Men, Sex, and Diabetes

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| Feb 1, 2007

When it comes to sex and diabetes, it’s sometimes hard not to get discouraged. Estimates of the number of diabetic men who experience sexual dysfunction range from 20 percent to a stunning 80 percent. And men with diabetes are three times more likely to experience sexual problems than men without diabetes.

Neuropathy, or nerve damage, is the primary culprit, but other contributors are lack of nitric oxide, a chemical that helps dilate your blood vessels, and damage to the blood vessel walls, which also reduces blood flow to the penis. On top of this, there are the medications that are often prescribed to men with diabetes, which can have side effects that cause difficulties with sexual functioning.

Peter, Meet ED

Fortunately, discussion about sexual dysfunction’s come a long way. For something that was never mentioned in good company, it’s out of the closet in a big way. It’s even got its own nickname these days: ED, for Erectile Dysfunction. The new openness is due in large part to Viagra, which brought ED out into the open and made it much less embarrassing to talk about with your doctor. Viagra, one of a group of drugs that also includes Cialis and Levitra, works by increasing blood flow to the penis and blocking the enzyme that allows blood to drain from the penis. As a result, an erection occurs naturally and stays around for quite awhile.

What’s Up, Doc?

Your doctor might tell you that Viagra is not for you because you have physical conditions that won’t allow it, you’re taking medications that don’t mix well with it, or your particular condition won’t respond to it. Nevertheless, you’re well on your way to a solution just because you’ve managed to bring up the topic of ED with your doctor. Now you can begin to discuss the plethora of other options that are available to restore your sex life. There’s a real can-do attitude out there when it comes to ED, and there’s no reason why you won’t be able to find something that works for you.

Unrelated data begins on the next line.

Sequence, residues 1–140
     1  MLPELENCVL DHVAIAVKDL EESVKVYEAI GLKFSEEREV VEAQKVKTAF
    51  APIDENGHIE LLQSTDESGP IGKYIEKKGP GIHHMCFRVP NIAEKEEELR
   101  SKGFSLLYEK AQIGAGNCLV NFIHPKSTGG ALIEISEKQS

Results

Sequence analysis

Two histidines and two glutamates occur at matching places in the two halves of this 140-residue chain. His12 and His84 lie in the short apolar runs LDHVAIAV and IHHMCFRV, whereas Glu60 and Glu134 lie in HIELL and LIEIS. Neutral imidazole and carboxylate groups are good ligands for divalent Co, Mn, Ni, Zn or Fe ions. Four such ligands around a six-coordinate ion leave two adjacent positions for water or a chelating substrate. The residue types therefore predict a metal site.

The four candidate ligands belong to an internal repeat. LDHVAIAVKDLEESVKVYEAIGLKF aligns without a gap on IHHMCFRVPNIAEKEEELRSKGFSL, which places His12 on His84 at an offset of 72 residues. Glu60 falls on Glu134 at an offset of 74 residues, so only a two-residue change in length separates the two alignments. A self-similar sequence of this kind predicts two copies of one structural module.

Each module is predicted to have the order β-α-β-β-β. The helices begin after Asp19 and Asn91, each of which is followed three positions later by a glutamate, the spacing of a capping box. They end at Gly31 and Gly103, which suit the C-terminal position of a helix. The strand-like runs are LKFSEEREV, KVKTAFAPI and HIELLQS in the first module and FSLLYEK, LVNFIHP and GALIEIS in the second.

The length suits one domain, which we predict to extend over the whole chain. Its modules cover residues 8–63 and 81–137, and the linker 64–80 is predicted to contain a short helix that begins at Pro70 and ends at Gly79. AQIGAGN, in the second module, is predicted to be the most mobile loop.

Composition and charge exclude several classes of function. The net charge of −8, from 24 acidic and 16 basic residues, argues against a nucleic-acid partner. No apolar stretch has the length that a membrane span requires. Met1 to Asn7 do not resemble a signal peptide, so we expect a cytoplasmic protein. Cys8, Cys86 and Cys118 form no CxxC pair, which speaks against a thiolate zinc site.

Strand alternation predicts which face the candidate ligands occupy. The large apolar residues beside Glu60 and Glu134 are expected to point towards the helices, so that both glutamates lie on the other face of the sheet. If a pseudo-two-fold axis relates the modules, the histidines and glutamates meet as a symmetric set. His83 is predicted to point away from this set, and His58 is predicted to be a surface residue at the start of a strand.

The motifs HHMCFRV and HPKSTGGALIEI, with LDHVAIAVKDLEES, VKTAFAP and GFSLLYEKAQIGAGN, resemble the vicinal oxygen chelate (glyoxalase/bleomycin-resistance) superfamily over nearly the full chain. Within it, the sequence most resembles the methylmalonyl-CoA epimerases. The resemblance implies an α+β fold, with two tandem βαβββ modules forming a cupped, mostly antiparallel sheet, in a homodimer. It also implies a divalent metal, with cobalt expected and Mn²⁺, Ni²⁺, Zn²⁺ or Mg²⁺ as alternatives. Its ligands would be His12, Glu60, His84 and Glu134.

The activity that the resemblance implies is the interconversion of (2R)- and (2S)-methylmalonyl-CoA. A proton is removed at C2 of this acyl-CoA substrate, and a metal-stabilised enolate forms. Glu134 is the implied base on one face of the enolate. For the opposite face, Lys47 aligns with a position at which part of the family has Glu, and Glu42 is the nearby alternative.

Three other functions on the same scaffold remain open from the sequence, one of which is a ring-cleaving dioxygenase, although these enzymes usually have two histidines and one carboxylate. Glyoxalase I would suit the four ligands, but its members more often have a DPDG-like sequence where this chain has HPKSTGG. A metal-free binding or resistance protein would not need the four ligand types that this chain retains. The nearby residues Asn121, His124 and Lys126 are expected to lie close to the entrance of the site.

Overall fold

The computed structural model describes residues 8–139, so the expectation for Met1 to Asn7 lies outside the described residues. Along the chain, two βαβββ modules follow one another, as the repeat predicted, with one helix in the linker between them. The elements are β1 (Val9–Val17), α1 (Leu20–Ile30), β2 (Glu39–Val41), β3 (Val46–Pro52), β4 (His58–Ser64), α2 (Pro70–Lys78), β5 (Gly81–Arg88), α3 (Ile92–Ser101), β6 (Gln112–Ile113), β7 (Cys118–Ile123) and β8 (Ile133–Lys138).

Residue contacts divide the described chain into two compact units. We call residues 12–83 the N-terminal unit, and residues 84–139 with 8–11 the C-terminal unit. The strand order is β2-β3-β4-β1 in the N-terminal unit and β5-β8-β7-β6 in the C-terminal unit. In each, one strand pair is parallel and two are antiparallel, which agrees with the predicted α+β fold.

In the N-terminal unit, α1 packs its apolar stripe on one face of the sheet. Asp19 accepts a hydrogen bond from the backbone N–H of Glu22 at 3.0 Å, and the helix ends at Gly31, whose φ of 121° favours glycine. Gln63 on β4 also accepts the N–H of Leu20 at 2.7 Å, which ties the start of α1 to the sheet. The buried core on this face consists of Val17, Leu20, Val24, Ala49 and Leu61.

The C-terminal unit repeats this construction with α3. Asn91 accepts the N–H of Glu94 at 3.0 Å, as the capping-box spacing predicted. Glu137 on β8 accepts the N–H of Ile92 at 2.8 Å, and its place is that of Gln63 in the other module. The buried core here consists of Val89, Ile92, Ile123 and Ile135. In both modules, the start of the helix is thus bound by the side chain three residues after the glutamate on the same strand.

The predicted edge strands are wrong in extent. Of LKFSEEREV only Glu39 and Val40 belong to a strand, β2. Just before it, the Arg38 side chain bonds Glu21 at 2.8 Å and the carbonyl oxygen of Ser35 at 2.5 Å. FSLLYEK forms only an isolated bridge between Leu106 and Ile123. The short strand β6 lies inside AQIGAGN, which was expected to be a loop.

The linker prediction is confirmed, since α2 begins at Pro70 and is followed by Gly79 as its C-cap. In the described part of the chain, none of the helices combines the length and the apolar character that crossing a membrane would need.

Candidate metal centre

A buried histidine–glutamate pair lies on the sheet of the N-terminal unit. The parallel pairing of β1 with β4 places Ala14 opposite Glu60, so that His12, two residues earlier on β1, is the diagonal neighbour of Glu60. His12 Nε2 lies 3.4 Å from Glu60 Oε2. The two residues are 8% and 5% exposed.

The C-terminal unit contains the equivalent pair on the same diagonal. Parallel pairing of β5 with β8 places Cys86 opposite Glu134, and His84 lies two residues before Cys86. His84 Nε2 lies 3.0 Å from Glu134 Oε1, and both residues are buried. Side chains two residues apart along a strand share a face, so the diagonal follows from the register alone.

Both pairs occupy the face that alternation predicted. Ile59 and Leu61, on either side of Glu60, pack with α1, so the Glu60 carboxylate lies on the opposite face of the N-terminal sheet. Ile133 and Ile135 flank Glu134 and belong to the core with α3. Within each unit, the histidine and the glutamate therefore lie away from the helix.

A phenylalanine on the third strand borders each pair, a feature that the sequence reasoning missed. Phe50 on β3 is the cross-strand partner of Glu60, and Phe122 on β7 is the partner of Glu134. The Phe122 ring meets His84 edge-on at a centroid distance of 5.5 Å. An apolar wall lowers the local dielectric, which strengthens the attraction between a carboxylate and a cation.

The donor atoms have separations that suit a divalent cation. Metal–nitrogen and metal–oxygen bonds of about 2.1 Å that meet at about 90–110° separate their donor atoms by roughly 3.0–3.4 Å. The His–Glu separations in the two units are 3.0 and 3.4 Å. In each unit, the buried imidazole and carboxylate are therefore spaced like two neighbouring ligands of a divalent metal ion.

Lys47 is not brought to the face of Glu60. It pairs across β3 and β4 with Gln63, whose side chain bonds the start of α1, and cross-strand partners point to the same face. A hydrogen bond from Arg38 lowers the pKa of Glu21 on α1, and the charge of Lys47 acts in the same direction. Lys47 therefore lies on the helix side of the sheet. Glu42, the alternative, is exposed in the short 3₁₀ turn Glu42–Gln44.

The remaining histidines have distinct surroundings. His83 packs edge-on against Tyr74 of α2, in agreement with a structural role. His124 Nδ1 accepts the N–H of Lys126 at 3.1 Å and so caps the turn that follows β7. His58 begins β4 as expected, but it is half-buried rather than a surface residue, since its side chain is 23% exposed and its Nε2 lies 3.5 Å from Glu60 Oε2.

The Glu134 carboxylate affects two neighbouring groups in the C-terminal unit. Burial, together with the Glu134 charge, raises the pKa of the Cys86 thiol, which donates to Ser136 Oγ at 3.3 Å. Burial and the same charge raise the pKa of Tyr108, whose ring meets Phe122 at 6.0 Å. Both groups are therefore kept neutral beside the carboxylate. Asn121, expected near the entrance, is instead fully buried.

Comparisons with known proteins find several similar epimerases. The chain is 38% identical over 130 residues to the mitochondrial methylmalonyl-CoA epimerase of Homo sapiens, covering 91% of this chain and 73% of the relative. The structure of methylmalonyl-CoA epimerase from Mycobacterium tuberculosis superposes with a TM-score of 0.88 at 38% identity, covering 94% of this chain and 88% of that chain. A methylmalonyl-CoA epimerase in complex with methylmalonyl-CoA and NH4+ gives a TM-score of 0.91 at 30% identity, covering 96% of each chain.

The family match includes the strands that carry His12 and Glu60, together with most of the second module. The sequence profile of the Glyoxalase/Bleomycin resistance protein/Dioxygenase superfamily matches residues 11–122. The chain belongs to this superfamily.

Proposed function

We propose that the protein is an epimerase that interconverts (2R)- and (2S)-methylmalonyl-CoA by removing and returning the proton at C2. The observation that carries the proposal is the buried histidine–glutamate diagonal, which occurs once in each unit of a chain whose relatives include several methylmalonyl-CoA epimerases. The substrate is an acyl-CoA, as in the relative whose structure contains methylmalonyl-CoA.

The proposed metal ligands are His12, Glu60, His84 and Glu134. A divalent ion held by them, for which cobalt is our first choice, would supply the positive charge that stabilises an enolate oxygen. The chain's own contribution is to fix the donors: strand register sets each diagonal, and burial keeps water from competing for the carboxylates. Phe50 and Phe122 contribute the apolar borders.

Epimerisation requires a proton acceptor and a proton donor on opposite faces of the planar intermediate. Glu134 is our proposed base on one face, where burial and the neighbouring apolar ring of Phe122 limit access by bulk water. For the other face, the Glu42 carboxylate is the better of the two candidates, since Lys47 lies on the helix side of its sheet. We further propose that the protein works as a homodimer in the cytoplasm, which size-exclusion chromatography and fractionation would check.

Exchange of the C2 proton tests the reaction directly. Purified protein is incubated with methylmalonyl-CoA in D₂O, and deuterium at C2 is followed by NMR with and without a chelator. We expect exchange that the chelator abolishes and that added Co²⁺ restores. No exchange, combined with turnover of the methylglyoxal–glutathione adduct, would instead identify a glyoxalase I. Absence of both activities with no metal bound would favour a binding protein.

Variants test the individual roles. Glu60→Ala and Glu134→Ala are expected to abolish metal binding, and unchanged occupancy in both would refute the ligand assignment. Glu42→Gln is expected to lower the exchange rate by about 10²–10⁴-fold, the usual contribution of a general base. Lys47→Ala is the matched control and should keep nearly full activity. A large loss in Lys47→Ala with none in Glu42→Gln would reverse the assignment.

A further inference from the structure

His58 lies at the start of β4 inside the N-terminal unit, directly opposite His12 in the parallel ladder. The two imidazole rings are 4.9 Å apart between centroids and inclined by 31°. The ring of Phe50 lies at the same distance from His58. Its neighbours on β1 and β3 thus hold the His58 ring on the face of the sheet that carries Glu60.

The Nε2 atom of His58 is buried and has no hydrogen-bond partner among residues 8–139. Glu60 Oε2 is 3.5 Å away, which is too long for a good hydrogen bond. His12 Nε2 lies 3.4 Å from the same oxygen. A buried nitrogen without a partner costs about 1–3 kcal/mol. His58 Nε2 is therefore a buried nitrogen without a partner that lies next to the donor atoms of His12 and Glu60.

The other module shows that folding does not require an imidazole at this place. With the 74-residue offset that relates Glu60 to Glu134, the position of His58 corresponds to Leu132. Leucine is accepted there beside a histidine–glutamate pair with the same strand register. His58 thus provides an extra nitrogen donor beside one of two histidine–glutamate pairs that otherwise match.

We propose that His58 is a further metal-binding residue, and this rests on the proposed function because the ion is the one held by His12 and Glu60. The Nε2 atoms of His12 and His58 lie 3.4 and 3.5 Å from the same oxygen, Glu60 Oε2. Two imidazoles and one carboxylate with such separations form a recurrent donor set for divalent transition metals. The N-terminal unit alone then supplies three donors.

You might want to try penile injection therapy, in which you inject a medication directly into the penis that causes blood vessels to widen, allowing blood to flow more freely and create an erection. The idea of an injection might be a bit threatening, but in fact it’s really simple and works well for many men.

To use another method, known as intra-urethral pellet therapy, you place a tiny medicated pellet inside the tip of the penis. As the pellet dissolves, it releases medication that increases blood flow and causes stiffness in about five to ten minutes.

Then there’s the vacuum pump. To use this, you place a plastic device over the penis, and a vacuum withdraws all the air from around it, causing blood to flow into the penis and making it rise like a balloon. Then you put a constriction ring around the base of the penis to hold the blood in place. It’s a bit bulky and awkward to use at first, but it’s cheap and easy, and it often does the trick If these simpler treatments are unsuccessful, there are about 15 different models of penile prostheses available for surgical implant, and they’re far more sophisticated than they used to be. One, for instance, involves placement of two silicon rods into the penis, which keep it in a state of semi-erection constantly. Your doctor or urologist can tell you about the others and whether one might be right for you.

Talk It Over

Of course, it’s important to talk to your partner about what you’re going through if you’re concerned about erectile dysfunction. Sometimes just worrying about ED can cause ED, so talking to your partner might be all it takes. If you think it might help you, sex therapy is an option that can teach you and your partner about paths to satisfying sex that you may not have considered.

The most important thing, however, is not to give up. Sex is extremely important to a healthy life. After having sex, hormones are released in men that contribute to a feeling of love and attachment. You don’t want to let those feelings die. Go ahead and talk to your doctor about ED. It’s a very common problem, and it’s very often fixable. And remember to tell your partner what’s going on, because even if medical solutions aren’t your cup of tea, there’s more than one way to have sex—even if ED’s in bed with you.

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Categories: Diabetes, Diabetes, Sexual Issues


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Feb 1, 2007

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